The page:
“This was the beginning of the fairy tale, he thought…”

Assassination Scene, Jason Atkinson

New Ghost Stories IV
Lynsey May, photo by John Need Media

Photo: John Need Media

Many years ago, Lynsey May’s short story ‘Two Buses Away’ was the very first story featured in our very first anthology, Various Authors. Now her debut novel, Weak Teeth, has been published in its paperback edition, and this month it’s been selected as Waterstones’ Scottish Book of the Month. We thought it would be interesting to catch up with her for a chat about her experience of publication and her approach to writing, among other things…

Q. Firstly, congratulations on the paperback publication of Weak Teeth. How have you found the experience of publishing your debut novel?

A. Thank you so much. I’m incredibly grateful for Waterstones’ support and for the support of all the fantastic indie bookshops who’ve been so good to me and the book. It’s such a joy to see it out in the world.

I’ve been writing with the hope of being published for a long time and I have a lot of friends who’re writers, so in many ways I was well prepared for the experience. That said, I still feel like I’m coming out of a period of suspended animation. There was almost exactly a year between the publication of the hardback and the paperback, and I felt a little like it was a sentence opened and not closed. This feels like a full stop to the experience, or perhaps a comma.

Q. That’s an interesting point about the difference between hardback and paperback publication. How does publication in the two formats feel different to you as an author?

A. I think the big difference is the feeling that I’m getting a second bite of the apple, as it were. The launch of a new format gives you an excuse to have another little party and, in this case, it very luckily also gave me a shot at being selected as Scottish Book of the Month by Waterstones. That said, with the cost of living so drastically reducing people’s spending power, I’m not at all surprised to see lots of publishers opting to go straight to paperback for all sorts of titles. On the other hand, we’re also seeing lots of special editions and spredges. It will be really interesting to see how these two trends play out in the next wee while.

Q. Prior to publishing Weak Teeth, you’ve also had success over the years with your short stories. How did you come to write a novel, and how did you come to write this particular novel?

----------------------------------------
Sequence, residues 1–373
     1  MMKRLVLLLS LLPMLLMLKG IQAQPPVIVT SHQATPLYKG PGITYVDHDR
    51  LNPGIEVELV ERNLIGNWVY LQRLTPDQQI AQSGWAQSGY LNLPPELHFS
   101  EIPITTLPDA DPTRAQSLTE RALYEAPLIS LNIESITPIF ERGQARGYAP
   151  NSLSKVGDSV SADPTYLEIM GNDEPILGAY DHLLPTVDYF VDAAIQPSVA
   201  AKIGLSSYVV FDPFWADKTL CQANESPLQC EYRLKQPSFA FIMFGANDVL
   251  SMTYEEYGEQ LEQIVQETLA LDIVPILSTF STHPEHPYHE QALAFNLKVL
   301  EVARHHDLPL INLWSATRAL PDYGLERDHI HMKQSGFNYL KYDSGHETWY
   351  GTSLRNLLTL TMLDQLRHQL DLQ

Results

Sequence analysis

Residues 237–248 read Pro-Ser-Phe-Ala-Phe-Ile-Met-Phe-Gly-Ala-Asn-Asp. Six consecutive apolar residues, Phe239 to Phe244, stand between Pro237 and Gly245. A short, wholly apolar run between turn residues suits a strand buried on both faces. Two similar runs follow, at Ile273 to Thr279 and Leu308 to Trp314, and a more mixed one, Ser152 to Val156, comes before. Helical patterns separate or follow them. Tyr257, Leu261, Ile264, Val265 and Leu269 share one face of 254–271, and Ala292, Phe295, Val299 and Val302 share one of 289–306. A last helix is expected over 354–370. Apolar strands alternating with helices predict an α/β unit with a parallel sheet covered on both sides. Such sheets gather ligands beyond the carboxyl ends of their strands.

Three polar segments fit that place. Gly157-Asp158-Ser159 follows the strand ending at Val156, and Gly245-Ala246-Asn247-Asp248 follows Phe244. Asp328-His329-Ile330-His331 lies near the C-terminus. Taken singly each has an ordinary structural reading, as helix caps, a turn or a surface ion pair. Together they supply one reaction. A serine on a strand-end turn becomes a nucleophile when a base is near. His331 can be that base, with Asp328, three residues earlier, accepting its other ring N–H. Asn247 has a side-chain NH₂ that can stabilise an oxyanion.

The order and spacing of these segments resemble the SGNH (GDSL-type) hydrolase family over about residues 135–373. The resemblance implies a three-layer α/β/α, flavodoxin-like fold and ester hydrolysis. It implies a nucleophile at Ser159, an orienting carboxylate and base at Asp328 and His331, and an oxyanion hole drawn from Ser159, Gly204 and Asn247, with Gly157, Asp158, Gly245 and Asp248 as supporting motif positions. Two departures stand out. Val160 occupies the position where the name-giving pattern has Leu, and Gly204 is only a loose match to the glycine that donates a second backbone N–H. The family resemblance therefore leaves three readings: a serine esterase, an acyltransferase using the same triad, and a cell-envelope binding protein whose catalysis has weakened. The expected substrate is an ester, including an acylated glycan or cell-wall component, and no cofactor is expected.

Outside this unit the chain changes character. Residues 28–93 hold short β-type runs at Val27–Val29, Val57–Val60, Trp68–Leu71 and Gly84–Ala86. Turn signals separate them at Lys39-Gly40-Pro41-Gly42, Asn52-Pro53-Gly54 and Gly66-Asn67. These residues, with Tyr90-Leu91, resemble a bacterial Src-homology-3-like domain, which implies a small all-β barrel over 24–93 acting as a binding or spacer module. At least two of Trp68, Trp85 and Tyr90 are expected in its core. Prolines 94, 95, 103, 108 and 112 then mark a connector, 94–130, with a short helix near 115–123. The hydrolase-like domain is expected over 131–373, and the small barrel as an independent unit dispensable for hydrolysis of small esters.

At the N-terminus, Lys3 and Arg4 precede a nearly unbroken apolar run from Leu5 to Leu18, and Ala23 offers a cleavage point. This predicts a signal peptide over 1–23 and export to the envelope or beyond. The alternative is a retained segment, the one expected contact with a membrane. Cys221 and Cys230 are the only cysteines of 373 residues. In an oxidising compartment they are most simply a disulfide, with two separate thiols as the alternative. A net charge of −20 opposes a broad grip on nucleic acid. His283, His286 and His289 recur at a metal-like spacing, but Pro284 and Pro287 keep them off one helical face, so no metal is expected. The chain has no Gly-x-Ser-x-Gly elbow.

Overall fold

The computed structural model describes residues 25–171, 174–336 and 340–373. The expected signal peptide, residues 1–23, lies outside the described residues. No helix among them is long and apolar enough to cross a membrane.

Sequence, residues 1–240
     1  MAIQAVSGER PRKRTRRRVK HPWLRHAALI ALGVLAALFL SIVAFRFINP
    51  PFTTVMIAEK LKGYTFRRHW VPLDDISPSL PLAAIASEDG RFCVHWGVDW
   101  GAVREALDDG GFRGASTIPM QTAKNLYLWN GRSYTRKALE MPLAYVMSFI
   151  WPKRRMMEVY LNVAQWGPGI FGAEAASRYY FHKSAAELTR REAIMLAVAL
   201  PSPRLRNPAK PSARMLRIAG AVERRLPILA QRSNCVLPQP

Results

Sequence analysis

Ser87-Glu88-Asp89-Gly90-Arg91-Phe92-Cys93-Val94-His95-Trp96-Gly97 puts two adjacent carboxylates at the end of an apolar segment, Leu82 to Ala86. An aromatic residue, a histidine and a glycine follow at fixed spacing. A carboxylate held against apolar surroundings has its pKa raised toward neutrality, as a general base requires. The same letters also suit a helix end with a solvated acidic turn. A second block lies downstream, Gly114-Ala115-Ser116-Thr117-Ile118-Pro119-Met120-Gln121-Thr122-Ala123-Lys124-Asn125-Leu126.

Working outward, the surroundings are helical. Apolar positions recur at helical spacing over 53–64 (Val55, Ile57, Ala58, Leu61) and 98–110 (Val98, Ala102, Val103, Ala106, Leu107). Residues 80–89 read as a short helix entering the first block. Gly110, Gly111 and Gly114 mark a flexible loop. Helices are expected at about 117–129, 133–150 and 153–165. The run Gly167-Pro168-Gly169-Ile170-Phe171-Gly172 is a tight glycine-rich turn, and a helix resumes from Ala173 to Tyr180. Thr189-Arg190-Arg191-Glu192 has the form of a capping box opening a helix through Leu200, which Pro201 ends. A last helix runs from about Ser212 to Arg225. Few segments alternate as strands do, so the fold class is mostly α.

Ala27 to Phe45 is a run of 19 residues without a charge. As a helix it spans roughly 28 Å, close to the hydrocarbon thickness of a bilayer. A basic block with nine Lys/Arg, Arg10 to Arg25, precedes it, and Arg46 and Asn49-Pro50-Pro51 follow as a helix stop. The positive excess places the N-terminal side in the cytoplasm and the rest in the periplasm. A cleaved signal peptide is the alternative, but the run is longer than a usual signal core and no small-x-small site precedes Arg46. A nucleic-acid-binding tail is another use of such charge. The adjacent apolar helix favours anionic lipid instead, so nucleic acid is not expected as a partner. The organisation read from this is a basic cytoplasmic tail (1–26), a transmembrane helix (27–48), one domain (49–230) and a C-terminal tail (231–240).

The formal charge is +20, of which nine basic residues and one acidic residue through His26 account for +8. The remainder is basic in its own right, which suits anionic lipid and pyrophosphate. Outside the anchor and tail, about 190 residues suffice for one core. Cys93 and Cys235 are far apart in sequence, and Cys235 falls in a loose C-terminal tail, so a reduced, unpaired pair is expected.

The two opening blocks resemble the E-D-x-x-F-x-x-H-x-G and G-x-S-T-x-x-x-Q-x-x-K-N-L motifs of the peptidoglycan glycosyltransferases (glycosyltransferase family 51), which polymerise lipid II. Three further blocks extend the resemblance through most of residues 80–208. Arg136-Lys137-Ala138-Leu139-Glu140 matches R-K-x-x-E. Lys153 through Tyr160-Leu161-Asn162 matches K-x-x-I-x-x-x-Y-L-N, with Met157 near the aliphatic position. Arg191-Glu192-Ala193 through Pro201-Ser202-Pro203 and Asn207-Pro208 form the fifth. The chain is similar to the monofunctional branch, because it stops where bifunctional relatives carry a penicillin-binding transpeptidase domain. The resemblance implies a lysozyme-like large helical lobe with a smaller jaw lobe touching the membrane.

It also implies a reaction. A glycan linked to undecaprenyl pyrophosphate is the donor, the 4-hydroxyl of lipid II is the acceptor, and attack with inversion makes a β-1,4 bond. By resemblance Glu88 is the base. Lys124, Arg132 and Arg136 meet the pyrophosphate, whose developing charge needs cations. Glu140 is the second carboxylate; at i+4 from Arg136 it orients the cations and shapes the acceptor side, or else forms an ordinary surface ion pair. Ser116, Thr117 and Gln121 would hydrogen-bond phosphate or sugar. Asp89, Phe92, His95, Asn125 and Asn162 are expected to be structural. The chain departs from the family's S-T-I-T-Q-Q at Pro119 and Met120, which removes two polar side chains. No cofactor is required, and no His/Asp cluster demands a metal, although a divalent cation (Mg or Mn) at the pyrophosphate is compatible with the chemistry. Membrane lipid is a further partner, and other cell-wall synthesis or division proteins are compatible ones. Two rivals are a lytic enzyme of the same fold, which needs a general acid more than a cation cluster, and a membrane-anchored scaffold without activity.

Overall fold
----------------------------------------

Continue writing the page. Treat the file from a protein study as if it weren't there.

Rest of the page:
A. I’ve always enjoyed writing both short stories and longer pieces. I’d say I was drawn to novels first, because I didn’t know about all of the wonderful shorter works out there. I then went through a phase of reading and writing a lot of short stories before, finally, settling into an alternation between the two.

For Weak Teeth in particular, I knew from the start I wanted it to be about a family and that teeth were going to factor prominently. I could also tell straight away that I wanted it to be a novel, although it took a little longer to work out exactly what kind of novel it would be.

Q. On the subject of length, when you find yourself with an idea for a story or a situation or a character, and you start writing it, do you usually make a conscious decision at some point about how long a story you’re going to write, as you did with Weak Teeth? Or are you more inclined to just set your ideas down, and see what happens?

A. Hmm. I think that most of the time, it’s a visual or a particular feeling that comes to mind first and often I can tell if it’s going to be something short or part of something longer straight away – but I think that might often have more to do with my mindset than the content. If I’m in a shortform state of mind, then I’m thinking about how to turn that fragment into a small whole. When I’m getting stuck into something longer, I’m looking at those little ideas through a different lens and working out whether they’re thematically or tonally relevant. If they aren’t, but the idea continues to glimmer, then I’ll see if it’s a short story in its own right.